Tesla mulls plan for giga factory to build battery packs for its EVs

Article by Anita Panait, on November 7, 2013

Tesla Motors Inc. is considering creating a "giga factory" to build electric vehicle battery packs for its own use, according to chief executive Elon Musk. He remarked that Tesla's long-term ambitions to produce 500,000 electric vehicles annually could “chew up” majority of current lithium ion battery supplies in the world.

Tesla’s CEO remarked that the new site would be "something comparable to all lithium ion production in the world, in one factory." While Musk didn’t provide a timeframe for the site, but with the smaller third generation cars set to arrive in 2017 with a $35,000 price point, Tesla production is expected to ramp up rapidly.

Musk said in a conference call with analysts that if Tesla was to build half a million cars, it would need cell capacity matching that. Since that capacity would be at more or less at par with the current global lithium ion production, there might be a need for a “giga-factory.”

Tesla’s CEO said the factory would take "raw materials to finished packs, with partners, in North America." He remarked that raw materials are not an issue and there would be no need to worry about lithium supply.

Musk remarked that the plant would be "a green factory, a lot of solar power,” with no toxic elements coming out. Tesla recently signed an agreement for Panasonic to increase cell supply volumes for the carmaker. While Panasonic has "got it covered" for Tesla's battery demand for 2014, it is for expected volumes of 40,000 global units.

It is pretty safe to say that the new Tesla Model S electric sedan is an evolution in automotive engineering. It doesn’t just combine performance and efficiency; it has also managed to earn the highest possible safety ratings. Apart from the over-the-air software updates that make the Model S better through time, the sedan also boasts of having the longest range among electric vehicles.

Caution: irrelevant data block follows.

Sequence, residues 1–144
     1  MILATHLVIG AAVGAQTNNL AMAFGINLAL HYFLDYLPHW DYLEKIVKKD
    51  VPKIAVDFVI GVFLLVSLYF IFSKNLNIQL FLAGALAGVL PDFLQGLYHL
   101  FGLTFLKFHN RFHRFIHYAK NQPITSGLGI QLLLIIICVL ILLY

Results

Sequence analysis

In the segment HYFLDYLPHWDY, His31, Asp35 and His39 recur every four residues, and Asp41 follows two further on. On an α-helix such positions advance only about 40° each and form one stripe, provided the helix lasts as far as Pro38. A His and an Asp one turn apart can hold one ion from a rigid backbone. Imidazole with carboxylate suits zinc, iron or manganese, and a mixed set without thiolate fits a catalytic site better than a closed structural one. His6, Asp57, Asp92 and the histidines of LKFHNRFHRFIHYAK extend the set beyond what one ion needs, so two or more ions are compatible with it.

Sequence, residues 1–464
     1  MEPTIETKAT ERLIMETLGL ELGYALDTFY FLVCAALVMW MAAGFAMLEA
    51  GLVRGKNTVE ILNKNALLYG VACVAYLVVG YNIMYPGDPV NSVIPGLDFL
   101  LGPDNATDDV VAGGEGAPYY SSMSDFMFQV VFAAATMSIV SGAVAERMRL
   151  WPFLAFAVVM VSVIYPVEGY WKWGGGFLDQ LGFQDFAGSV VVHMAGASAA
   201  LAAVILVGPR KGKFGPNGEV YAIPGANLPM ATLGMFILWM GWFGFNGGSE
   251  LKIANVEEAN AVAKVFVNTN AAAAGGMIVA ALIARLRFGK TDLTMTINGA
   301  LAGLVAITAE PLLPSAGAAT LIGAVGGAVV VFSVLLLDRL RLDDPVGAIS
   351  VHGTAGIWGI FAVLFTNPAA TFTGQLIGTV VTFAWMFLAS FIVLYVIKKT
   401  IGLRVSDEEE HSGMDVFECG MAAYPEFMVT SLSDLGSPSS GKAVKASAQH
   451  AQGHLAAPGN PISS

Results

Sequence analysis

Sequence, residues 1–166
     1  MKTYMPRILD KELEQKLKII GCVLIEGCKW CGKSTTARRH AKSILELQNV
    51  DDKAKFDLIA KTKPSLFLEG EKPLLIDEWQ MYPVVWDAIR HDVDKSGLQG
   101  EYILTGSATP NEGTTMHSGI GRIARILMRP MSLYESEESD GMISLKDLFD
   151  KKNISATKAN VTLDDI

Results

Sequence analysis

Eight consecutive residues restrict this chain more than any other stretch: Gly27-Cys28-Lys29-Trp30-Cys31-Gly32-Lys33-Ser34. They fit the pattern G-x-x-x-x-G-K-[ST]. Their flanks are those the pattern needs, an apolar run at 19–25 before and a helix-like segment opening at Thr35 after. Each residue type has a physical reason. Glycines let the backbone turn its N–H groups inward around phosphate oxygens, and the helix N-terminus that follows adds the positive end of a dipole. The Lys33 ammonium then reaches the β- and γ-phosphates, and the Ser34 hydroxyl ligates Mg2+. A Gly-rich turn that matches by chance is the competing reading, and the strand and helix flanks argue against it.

Sitting on Tesla’s unique architecture, the Model S features a battery pack that is located low on the floor, thereby giving the sedan a very low center of gravity. This means the Model S has a minimal risk or rollover and boasts of higher levels of performance and handling. As designed, the Model S has no mill sitting on its engine bay, which means that its crumple zone is much larger than other performance sedans. This design allows the Model S to better absorb impact energy when involved in a frontal collision.

The electric sedan’s low center of gravity is also thanks to the fact that its electric drivetrain is located beneath the car. With this, the Model S could be considered as one of the safest cars on the road, as proven by its top safety ratings from the NHTSA and the Euro NCAP. In fact, the Model S boasts of having the lowest chances of occupant injury following tests in the United States.

Also contributing to the high safety level of the Model S are a number of active safety features offered as standard like collision warning, automatic emergency braking, lane departure warning and blind spot detection. It is also offered with optional convenience elements such as traffic-aware cruise control, summon, autosteer and autopark.

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Topics: tesla, electric car

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